This time though, I didn’t go as an obsessed fan. I went as a good old working sportswriter, like I used to be.

If you’ll indulge me, it was one of the cooler assignments I’ve ever gotten to do, not just because it was the Open, but because of the player I was there to cover.

I first met Reilly Opelka when he was 12 years old, and a local junior tennis stud in Palm Coast, Fla., right outside Daytona Beach, where I worked at the time. I heard about him through some tennis people I knew there, and I went out to his house one day to do a story on him.
It was to be nothing more than a “local kid shows promise in a sport” story, one newspaper reporters like me do all the time.
I found Reilly’s parents to be charming, and the kid to be really down-t0-earth and sweet. I hit some balls with him on their backyard court and he had me sweating quite a bit, but I think I was still a little better than him (maybe).

I followed his junior career a little bit over the next few years, but not as much since I moved back to NY two years ago. I knew he was training full-time at the USTA National Development Center in Boca Raton, which meant he was a serious prospect in the sport.
Fast forward to Sunday, when I was looking at the U.S. Open juniors draw, and saw Reilly’s name on the entry sheet.
I was stunned. He just turned 16, and last week he won two qualifying matches, and now, unbelievably, a kid who three years ago I was still able to win points off of, was scheduled for a first-round match on Monday.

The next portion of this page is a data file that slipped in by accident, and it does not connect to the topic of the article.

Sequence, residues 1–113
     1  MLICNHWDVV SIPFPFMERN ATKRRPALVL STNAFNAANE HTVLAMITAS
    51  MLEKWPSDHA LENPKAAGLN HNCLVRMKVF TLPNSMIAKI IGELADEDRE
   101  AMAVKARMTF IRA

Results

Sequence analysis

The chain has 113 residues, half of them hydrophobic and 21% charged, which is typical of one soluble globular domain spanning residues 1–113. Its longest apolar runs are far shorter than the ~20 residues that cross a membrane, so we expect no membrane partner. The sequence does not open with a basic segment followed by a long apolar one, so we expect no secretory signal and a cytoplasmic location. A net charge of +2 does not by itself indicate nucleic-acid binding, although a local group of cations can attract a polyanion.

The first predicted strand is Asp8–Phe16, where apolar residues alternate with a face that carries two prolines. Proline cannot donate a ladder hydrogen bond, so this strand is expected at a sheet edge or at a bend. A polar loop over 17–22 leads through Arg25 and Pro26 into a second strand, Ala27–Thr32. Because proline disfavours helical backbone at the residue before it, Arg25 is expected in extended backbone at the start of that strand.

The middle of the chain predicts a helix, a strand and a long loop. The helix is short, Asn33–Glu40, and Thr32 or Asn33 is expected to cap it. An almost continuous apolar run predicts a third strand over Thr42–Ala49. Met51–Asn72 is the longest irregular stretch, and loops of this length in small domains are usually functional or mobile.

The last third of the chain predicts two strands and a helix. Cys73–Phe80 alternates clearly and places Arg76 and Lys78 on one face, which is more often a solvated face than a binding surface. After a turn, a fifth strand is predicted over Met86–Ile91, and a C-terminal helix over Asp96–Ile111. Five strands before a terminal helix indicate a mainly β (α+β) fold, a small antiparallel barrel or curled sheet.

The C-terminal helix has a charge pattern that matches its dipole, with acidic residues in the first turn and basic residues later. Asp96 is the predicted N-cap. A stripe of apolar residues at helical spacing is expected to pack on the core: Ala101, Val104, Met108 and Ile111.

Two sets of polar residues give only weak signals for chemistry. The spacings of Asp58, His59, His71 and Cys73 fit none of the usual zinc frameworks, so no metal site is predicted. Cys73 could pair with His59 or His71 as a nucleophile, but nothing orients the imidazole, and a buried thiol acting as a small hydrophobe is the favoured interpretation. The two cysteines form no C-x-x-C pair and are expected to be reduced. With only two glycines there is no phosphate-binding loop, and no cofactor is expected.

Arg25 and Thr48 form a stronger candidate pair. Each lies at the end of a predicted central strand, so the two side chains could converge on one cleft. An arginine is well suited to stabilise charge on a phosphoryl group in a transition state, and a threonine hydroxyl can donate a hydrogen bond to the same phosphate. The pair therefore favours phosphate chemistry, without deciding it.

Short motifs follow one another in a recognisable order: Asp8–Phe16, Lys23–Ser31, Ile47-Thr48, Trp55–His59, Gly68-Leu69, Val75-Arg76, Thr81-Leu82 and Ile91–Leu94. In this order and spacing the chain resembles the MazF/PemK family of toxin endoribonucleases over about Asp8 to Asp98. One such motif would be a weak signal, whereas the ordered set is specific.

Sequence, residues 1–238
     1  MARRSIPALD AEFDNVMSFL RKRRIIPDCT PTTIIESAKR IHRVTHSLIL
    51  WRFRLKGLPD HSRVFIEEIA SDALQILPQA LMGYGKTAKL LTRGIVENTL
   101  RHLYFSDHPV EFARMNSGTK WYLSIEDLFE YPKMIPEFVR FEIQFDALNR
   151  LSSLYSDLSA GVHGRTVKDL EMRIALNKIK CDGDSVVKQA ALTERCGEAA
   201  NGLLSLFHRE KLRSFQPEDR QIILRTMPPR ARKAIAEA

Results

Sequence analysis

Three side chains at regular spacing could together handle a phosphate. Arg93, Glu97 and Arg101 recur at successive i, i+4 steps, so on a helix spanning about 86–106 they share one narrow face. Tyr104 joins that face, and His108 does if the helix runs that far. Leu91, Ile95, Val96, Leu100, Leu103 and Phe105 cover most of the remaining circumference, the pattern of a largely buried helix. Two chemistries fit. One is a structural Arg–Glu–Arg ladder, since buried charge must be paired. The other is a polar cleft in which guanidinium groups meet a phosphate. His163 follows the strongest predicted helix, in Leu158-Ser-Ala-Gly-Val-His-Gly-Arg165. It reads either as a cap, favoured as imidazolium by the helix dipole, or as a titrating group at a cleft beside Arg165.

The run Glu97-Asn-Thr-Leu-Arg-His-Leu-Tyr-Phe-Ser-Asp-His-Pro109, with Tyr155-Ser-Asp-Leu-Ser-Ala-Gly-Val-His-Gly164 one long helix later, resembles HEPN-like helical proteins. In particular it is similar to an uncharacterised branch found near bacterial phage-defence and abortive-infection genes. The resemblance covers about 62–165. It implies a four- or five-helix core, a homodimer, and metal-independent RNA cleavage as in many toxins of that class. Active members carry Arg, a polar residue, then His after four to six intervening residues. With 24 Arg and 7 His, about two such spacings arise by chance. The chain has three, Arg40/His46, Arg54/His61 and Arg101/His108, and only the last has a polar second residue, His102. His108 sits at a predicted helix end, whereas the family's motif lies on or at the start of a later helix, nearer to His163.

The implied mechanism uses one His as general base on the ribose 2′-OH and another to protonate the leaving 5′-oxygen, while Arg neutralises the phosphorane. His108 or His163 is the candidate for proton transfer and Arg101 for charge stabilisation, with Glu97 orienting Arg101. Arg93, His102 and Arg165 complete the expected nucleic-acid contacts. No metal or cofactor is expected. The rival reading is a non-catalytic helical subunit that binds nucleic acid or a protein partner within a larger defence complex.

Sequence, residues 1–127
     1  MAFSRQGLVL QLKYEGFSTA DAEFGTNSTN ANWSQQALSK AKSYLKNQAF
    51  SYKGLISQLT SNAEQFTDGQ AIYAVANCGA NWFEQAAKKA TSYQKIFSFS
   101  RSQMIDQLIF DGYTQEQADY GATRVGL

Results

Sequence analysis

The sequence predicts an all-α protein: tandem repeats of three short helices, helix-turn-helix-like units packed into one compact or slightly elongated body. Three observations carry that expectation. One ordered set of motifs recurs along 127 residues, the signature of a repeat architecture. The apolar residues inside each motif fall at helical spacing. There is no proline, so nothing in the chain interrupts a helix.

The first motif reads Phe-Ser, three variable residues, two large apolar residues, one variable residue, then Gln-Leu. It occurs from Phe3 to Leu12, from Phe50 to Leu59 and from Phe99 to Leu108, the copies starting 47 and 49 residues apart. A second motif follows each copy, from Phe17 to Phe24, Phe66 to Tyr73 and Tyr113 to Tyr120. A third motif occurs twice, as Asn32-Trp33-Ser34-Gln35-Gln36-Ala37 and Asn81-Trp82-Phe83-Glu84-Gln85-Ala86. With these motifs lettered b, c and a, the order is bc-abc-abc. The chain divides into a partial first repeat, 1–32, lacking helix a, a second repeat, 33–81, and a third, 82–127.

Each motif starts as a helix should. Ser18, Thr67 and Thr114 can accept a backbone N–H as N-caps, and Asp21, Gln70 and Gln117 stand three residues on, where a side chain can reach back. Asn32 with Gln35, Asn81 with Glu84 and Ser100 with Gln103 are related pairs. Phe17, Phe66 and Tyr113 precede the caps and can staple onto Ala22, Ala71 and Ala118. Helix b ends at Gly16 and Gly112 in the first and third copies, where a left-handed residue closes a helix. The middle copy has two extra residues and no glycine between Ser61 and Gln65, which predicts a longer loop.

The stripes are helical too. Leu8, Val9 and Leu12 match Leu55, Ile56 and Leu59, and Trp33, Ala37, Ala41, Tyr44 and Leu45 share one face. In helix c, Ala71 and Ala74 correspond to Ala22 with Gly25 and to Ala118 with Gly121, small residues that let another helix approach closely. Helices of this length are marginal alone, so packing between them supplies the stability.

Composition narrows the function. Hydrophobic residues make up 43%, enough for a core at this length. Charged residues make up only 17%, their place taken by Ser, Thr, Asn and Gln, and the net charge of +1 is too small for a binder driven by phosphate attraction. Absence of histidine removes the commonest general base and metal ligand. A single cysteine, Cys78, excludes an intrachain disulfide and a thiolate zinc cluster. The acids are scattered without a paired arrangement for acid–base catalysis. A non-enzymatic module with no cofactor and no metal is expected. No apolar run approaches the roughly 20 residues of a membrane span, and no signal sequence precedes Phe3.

I caught up with his parents during the long rain-delay at the Open, and they had this “can you believe we’re actually here to watch Reilly at the Open?” expression on their face the whole time we chatted.
It was a great thrill for them, even though Reilly’s match got rained out Monday (he’s now scheduled to play today).
And if he grows up to be a Grand Slam champion, well, hey, I can remind him that I dominated him when he was 12.

**Next up, in case you’re not quite sick of that Robin Thicke song yet, a pretty funny mash-up involving “Blurred Lines” and “The Cosby Show.”

Personally, given that Robin Thicke is Alan Thicke’s son, using “Growing Pains” would’ve been more appropriate.

“Show me that smile again…” my knowledge of 1980s TV theme songs is unsurpassed!

And finally, because this also made me laugh Monday night, Captain Kirk and the Starship Enterprise react to that hideous Miley Cyrus performance at the VMA’s…(hat tip to my friends Scott and Dinah, who alerted me to it on Facebook)